THE GIRL WHO NEVER WAS: Otherworldly Wonderful


The Girl Who Never Was

Skylar Dorset

Sourcebooks Fire, 304 pages
Young Adult Fantasy
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Young adult fiction has been getting a lot of flak lately. Using many of the same arguments that genre fiction as a whole tends to get, there have been quite a few articles about how it’s not ‘serious’ fiction, with the added criticism that if you’re an adult, you should be ashamed that you read it.

The Girl Who Never Was, a young adult urban fantasy novel by Skylar Dorset, is the type of book I want to throw at pretentious idiots who write such things. As C.S. Lewis once said, “Critics who treat ‘adult’ as a term of approval instead of as a merely descriptive term cannot be adult themselves.” And this book proves that a good book is a good book, regardless of the intended audience.

The first in the Otherworld series, The Girl Who Never Was starts out by putting us in the POV of Selkie Stewart, a young girl living in Boston. We find out that she has never met her mother, and that it is her birthday. When she reveals that she has turned 17 to Ben, a boy she kind of has a crush on, it opens up a world of faerie and magic and fear. You see, she is half-faerie, and her mother wants to kill her.

The quote on the back of the book compares it to Neil Gaiman’s Neverwhere, and it’s an apt comparison. Just as Gaiman’s Neverwhere is London re-imagined, with tube stations and famous landmarks used in fantastic ways, The Girl Who Never Was is Boston re-imagined. I’ve never been to Boston, but I feel like I have after reading this book – even when half the plot takes place elsewhere. Dorset also entrenches her world with the life of the fae, and has done her research. Names have meaning, and there is a cost to power. As with Neverwhere, this world has always been there – just out of focus until it is noticed.

The plot flows smoothly – it’s an easy read in the best definition of the phrase. I was eager to find out what happened next, and it’s almost a crime that she ends the book on a cliffhanger. The characters are engaging: even though to describe her, Selkie sounds a little too much like a Mary Sue, she never grated on me like ‘too perfect’ characters typically do. She feels and loves and is confused by what is going on, and I empathize with her so much. This might have to do with Dorset’s choice to use first person, helping me remember the horror and wonder of turning 17 and feeling like there should be more to me. You root for her and her side, and want her to save the world and get the boy and end up happily ever after. But it’s not just her – it’s Ben and Selkie’s two unusual aunts and the man at the Salem Which Museum (sic), and they are the types of people you wish were real so you could hang out with them.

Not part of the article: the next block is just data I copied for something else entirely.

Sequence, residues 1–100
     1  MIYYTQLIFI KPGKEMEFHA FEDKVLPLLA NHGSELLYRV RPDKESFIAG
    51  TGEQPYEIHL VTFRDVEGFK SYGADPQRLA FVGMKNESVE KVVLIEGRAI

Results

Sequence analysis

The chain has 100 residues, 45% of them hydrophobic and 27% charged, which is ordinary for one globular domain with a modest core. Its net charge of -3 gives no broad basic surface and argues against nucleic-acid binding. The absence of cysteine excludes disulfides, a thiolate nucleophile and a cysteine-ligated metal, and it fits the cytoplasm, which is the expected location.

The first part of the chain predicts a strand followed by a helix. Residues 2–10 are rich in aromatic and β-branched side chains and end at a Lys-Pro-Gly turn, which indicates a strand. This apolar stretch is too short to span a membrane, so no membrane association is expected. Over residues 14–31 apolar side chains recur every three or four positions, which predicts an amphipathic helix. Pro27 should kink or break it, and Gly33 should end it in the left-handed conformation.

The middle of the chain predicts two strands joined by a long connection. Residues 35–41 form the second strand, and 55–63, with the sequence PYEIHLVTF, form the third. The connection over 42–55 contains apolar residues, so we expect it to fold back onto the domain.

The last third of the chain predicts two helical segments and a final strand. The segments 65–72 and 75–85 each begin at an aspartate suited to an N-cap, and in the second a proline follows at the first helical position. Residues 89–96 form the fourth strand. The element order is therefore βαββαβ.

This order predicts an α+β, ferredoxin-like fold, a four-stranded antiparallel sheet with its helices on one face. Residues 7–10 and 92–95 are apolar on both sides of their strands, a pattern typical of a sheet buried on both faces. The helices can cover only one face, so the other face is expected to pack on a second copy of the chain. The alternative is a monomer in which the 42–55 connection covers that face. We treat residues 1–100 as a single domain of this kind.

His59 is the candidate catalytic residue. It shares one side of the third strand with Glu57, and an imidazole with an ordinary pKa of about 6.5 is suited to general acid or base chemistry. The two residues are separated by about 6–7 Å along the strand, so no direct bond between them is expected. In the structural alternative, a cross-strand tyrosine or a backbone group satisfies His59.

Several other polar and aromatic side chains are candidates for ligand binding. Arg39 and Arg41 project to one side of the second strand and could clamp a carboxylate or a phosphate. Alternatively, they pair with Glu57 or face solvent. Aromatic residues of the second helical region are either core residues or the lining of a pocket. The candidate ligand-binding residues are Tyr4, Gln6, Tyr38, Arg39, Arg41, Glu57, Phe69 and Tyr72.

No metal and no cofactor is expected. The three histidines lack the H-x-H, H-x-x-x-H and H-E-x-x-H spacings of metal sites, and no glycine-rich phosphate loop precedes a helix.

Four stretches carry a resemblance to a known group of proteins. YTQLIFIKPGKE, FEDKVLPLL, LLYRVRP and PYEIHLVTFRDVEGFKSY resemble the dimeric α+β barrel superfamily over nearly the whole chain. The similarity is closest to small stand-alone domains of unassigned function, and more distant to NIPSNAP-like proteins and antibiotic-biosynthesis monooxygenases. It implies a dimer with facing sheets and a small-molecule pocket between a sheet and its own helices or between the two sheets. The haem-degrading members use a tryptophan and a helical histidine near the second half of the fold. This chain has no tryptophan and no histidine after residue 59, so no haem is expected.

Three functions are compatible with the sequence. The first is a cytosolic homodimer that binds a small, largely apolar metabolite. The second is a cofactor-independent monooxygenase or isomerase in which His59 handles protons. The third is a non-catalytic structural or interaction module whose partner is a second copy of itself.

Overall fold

Well-told stories are difficult to do. I should know – I’ve attempted NaNoWriMo often enough. Genre fiction is even harder to do, as you at least have to acknowledge the genre tropes even if you are going against them. The Girl Who Never Was is the best of both worlds – a great fantasy story that just happens to be geared towards a younger audience, and is enjoyable regardless of your age.

Dorset’s website has links to a prequel novella and a short story set in the same universe, and the sequel (The Boy With the Hidden Name) will be released December 2.

You can see more of Angie’s writing at her website.


Angie Fiedler Sutton

Angie Fiedler Sutton is a writer, photographer, and all-round fangirl geek. She currently lives in Los Angeles, and primarily covers geek culture, entertainment, and the performing arts. She's been published in Den of Geek, Stage Directions, LA Weekly, The Mary Sue, and others. You can see more of her work (and her social media connections) over at her website

2 thoughts on “THE GIRL WHO NEVER WAS: Otherworldly Wonderful

  • I just nearly started to read the book the girl who never was and I’m already falling in love with it it’s just really wonderful that I get to read this book and I love how I can feel her emotions in the book so I’m glad you made the book.


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